Form: herbaceous — annual
Status: found in the Pilbara — currently under eradication program
Native to tropical North and South America. Parthenium weed is a Weed of National Significance (WoNS).
An erect aromatic annual herb 30-150 centimetres tall, with a deep tap root, reproducing by seed.
Stems: Erect, much-branched in the upper half, hairy, longitudinally grooved and becoming woody with age.
Leaves: Pale green, fern-like in appearance, alternate, shortly hairy with some of the hairs containing allergy-causing substances. Rosette leaves are deeply lobed, 8-20 centimetres long and four to five centimetres wide. Stem leaves are shorter and less divided.
Flowers: White florets, in compact daisy-like heads 4-10 millimetres diameter, which are grouped together in many-branched clusters arising from the stem nodes and all terminating about the same height. Each head contains about 45 florets.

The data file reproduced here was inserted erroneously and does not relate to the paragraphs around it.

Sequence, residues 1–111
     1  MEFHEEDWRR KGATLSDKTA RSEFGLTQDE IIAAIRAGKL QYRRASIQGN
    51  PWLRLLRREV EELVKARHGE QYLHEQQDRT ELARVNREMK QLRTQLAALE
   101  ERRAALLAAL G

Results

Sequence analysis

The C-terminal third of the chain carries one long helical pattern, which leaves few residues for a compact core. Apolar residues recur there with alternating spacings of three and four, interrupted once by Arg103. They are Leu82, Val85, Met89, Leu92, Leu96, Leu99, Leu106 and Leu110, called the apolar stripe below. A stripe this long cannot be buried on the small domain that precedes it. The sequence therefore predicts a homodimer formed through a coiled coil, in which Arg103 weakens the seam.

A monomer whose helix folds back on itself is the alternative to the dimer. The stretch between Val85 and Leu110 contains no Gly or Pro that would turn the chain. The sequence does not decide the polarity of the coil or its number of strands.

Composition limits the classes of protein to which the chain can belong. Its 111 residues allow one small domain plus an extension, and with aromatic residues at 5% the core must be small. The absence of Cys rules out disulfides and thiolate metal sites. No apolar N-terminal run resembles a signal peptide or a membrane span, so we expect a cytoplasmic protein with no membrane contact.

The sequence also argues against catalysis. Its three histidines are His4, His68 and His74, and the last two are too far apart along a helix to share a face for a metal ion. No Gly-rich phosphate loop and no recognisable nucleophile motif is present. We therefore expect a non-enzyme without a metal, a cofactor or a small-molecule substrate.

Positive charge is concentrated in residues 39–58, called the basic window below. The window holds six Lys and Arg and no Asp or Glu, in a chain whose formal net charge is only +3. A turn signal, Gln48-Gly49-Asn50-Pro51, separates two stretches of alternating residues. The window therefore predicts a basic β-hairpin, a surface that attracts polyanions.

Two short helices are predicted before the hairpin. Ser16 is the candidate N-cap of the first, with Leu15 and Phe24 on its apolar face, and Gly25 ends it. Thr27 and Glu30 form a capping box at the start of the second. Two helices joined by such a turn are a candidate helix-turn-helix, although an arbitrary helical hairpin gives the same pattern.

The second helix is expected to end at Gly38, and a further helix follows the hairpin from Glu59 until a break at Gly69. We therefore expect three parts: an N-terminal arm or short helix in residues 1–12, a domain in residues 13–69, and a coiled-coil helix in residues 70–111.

Seed: Black, two millimetres long, flattened with two white spoon-shaped appendages at the apex.
Root: A deep tap root with many finely branched feeding roots.
Agricultural and economic impact
An aggressive invader of disturbed land and perennial pastures and roadsides. Very prevalent in drier parts of Queensland and New South Wales, but absent from WA. Causes dermatitis and other allergic reactions to humans and cattle.
Declared pest category
The Western Australian Organism List (WAOL) contains information on the area(s) in which this pest is declared and the control and keeping categories to which it has been assigned in Western Australia (WA). Search for parthenium weed in the WAOL using the scientific name Parthenium hysterophorus.
Requirements for land owners/occupiers and other persons
Requirements for land owners/occupiers and other persons if this pest is found can be sourced through the declared plant requirements link.
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Pest and Disease Information Service (PaDIS)
Control methods for this declared plant can be found through the parthenium weed control link.